SEATTLE, Washington — Hundreds of millions of people living in Africa do not have access to electricity. Brookings estimated in 2016 that less than 45% of Africa’s population has power, placing the entire continent in an energy crisis. Electricity brings computers to help education, lighting to allow for safety, appliances to cook and store food and so much more. The African Development Bank Group has been an instrumental agency in proposing solutions to bring power to the many Africans who need it.
Sustainable Energy Fund for Africa
Support to end Africa’s energy crisis from the African Development Bank Group started all the way back in 2011 with the creation of the Sustainable Energy Fund for Africa (SEFA). As the title suggests, this fund is centered around finding sustainable energy solutions rather than constantly relying on fossil fuels. While any power to Africa would be an improvement, creating an entire separate funding project to revolve around industries such as solar and wind power will help catapult Africans. Some of the world’s most powerful nations such as the United States, the United Kingdom, Italy, Norway, Spain, Denmark and Sweden, have all joined in contributing to SEFA.
Prior to the New Deal on Energy for Africa, SEFA was the African Development Bank Group’s main focus. During this time, Africa developed a Green Mini-Grid (GMG) which is a small-scale electrical grid provided to less developed regions, that run solely on green-friendly production. Creating GMGs allowed rural areas in Africa to finally be included in efforts to bring Africa power. What started as a project funded by SEFA has blossomed into a hub of activity as many GMG-centric nonprofits have emerged to create even more of these grids. Additionally, an entire GMG Market Development Program has materialized to try and obtain both private and public sector support for these essential mini-grids.
New Deal on Energy for Africa
With an entire continent in need of power, the magnitude of the issue makes any solution difficult. While SEFA proved to be effective and rewarding, the program’s GMG model had limitations. Africans need power and it is impossible to successfully energize the continent with complete independence from fossil fuels, thus giving way to the New Deal on Energy for Africa. This groundbreaking five-step approach requires accountability from Africa and requires international help. Part of this plan called for a “Transformative Partnership on Energy” (TPE) which began in 2016. This new partnership involves public and private sectors, commercialized energy providers, international countries and engineers. Through competition and cooperation, the TPE is going to pull the best that every group has to offer to reach Africa’s energy goals.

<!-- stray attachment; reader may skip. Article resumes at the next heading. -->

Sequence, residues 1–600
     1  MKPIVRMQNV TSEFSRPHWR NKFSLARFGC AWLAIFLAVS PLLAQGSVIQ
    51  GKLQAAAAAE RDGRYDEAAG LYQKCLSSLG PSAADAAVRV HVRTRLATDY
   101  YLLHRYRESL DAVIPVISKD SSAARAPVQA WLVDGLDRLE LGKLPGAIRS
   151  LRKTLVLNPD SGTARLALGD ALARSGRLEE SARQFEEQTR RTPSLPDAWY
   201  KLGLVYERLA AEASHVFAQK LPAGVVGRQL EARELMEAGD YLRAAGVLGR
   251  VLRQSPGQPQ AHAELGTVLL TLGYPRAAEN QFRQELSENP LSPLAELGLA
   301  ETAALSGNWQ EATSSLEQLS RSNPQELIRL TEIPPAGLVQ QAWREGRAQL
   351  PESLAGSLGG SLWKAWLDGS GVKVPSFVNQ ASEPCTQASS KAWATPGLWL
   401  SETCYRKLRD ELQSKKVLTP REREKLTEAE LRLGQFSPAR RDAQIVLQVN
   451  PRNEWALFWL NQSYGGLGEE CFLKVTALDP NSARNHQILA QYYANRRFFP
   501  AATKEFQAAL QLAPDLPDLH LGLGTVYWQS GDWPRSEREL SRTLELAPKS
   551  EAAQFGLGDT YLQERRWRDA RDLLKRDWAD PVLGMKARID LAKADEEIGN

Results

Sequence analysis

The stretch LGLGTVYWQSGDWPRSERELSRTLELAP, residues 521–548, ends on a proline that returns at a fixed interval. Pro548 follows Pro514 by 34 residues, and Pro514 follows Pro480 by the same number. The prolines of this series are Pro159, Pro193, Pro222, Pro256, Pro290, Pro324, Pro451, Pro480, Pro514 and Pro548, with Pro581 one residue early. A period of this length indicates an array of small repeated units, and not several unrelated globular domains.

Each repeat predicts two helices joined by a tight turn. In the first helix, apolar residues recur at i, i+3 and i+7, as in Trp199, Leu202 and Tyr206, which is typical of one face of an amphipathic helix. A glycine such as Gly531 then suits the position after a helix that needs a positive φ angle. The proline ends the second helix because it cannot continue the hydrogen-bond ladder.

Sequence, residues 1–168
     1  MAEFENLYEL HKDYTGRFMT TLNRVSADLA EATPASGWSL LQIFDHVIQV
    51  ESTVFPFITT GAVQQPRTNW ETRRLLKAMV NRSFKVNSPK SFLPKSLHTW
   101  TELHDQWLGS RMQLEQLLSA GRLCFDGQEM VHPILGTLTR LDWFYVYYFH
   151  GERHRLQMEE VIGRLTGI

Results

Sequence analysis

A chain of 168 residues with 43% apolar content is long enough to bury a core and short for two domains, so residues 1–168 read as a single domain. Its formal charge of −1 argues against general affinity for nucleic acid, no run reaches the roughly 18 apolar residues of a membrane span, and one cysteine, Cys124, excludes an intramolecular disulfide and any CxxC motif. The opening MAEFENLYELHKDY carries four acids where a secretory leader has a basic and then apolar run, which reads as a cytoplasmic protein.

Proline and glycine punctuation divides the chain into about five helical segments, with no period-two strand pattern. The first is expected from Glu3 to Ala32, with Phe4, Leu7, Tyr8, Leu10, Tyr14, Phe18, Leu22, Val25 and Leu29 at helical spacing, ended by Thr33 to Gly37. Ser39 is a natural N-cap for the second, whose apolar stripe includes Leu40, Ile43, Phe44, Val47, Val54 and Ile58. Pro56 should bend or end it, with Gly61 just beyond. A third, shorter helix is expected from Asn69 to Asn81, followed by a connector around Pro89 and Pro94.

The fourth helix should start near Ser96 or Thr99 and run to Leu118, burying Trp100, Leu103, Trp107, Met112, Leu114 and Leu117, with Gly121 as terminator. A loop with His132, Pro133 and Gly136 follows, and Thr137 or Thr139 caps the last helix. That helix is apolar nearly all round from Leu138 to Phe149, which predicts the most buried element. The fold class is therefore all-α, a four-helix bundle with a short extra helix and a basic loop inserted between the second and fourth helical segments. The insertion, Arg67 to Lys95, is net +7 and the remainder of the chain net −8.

Country Collaboration for Energy Crisis
One other important facet of the New Deal on Energy for Africa is communication and policy building with the many governments of Africa. With the issue extending far past any political border, the solution is going to require everyone to buy-in. That means that equal funding, resources and cooperation is vital to energize Africa. Part of the African Development Bank Group’s strategy is to ensure countries are contributing through leading by example. It has put its money where its mouth is by contributing $12 billion every year since 2016. Billion-dollar donations have come from nations like the United States and the United Kingdom. Helping to alleviate Africa’s energy crisis will open the door to so many more international economic connections and markets. Powering Africa is one of the easiest ways to reimagine the economic capabilities of the region.
Light at the End of the Tunnel
All in all, the African Development Bank Group’s plans provide hope to many Africans living in the dark. On a brochure covering its goals, the bank group cites that it will “Increase on-grid transmission and grid connections that will create 130 million new connections by 2025, 160% more than today.” If achieved, Africa’s energy crisis, which has plagued the continent for decades, will be solved largely due in part to the African Development Bank Group.
– Zachary Hardenstine